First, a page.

Just as he was finishing this message the radio came alive. “Target seven hundred ninety-nine is positive fifteen degrees horizontal and plus forty-three degrees vertical. And I am becoming very concerned about your vital signs. Please report on how you feel.”
“I’m starting for seven ninety-nine,” Clark said. He didn’t bother repeating how he felt. Even though they were shorter now, these long time delays were still confusing.
He was still on his way to seven ninety-nine when he heard Bernie’s reply. “I’m becoming concerned at your vital signs. Go ahead and take care of seven hundred ninety-nine and report. However, just wait there after you finish. I want to see what your vitals do, and we may have to change our plan.”
A moment later, Clark reached the target. This was another large fragment. Clark gave it a shove. As with the last one, the strain was much larger than he’d been experiencing earlier. “Seven ninety-nine is done. I’m definitely feeling more strain now. I’ll wait here for further instructions.”
“Superman, I believe we need to change the mission parameters,” Bernie’s voice betrayed concern. “During the last two deflections your vital signs jumped alarmingly. I also noticed that on the way to seven hundred ninety-nine, you were flying much more slowly than you have been. I think we need to consider terminating the mission.”
“We still have nearly two hundred more to go. We need to complete the mission,” Clark retorted.
“Based on what I’m seeing from your bio-monitors, I fear that there is a non-trivial probability that if you try for all those, you won’t make it back. Alyson has been reviewing the remaining fragments and has identified those that pose the highest threat. Based on these criteria, I would like to limit your remaining efforts to only eleven fragments. Please let me know when you are ready.”
Clark almost snapped back that this was too important, but he remembered Lois’s admonishment. In the long run he could help more people by surviving today. “Very well, we’ll limit this to eleven more targets. I’m ready to go as soon as you can provide the coordinates.”
As Clark approached target eleven he could hardly believe how much he was sweating. He was soaked and could feel his heart pounding. He reached the fragment, which looked to be roughly twenty-five meters across, and pushed it. It seemed to take all his strength before the large boulder changed direction. “Target eleven is done. I’m waiting for your confirmation and ready to head back.”
“I have confirmed that eleven was deflected. Please start back now. But be careful not to push yourself too hard.” There was a brief pause and Clark almost replied when Bernie started again. “You look awful.”
“I’m starting back,” Clark replied. “And how do you know I look awful?”
“Your vitals are all running much lower than I’ve seen them. And you’re barely making eight hundred kilometers per second. At that rate it will take you an hour to get back. That’s within your safety margin but just barely.”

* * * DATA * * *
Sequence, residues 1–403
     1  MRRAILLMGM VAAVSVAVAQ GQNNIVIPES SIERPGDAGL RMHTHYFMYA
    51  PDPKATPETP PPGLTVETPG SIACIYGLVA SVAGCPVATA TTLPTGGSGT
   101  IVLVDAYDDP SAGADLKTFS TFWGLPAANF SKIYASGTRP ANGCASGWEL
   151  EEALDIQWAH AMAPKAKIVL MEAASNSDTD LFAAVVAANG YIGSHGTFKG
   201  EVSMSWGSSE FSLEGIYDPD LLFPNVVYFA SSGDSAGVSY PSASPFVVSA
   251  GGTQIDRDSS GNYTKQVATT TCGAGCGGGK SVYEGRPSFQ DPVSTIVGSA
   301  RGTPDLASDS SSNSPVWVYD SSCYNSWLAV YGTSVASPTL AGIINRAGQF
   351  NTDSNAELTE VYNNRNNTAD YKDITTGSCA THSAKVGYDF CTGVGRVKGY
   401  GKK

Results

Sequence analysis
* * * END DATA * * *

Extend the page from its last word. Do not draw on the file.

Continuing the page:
Clark would have sworn that he’d been flying as fast as he had been on his first trip out this morning. “Understood. I am going to try to fly a little faster. Could you please update me on my speed and my stress levels?” Then Clark tried to accelerate. This should have been easy, but he could feel the act of accelerating taking a toll. The good news was that once he increased his speed, it took almost no effort to maintain it in the vacuum of space.
“I see you over eight hundred and fifty kilometers per second now,” Bernie reported. “Please be careful. That acceleration is placing a great deal of strain on you.”
Clark kept pushing. He needed to get home. He needed to see Lois. With that thought, he made one more push to accelerate. As his effort hit a peak, he felt another wave of dizziness wash over him.
“Superman! Please report! Superman! Superman!”
Clark shook himself. Why was Bernie yelling at him? “Superman reporting. What’s the problem?”
Bernie’s yelling continued for about ten more seconds due to the time delay. “Superman, thank goodness. You must have blacked out. You were accelerating and all the sudden your vital signs spiked and then dipped to a dangerously low level. I haven’t heard from you for over ten minutes. You’re on course for Earth and are coasting at just over fourteen hundred kilometers per second. That will get you back in approximately twenty minutes. Please save your strength for decelerating when you reach Earth.”
He’d been out for ten minutes? “Confirmed, Dr. Klein. I’ll coast and try to regain my strength. I feel better now, but I can tell that I’m not right.”
“I’m glad you’re back with me. I’m not sure that even you could survive a re-entry and collision at fourteen hundred kilometers per second. I suggest when you get back to Earth, if you have any trouble slowing down, you might come in at a shallow angle and let the atmosphere help with your deceleration. That should require less effort as long as you are careful about temperature.”
“I’ll keep that in mind. However, I suspect that after my little nap and twenty more minutes of coasting, I shouldn’t have a problem slowing down.”
“Your vitals are steady now, but they aren’t getting much better. Please keep the atmospheric braking option in mind.”
“I will. When do you plan to tell anyone what we did?”
“I have a short announcement that I typed up last night. Actually I have two announcements. One is intended for EPRAD and the government types and the second that is more of a press release. My original plan was to send them to Dr. Aames at EPRAD and the STAR Labs PR department at about this time. However, since the notes assume you survived the mission, I want to make sure that you really make it back. I’ll issue the release the moment you get back.”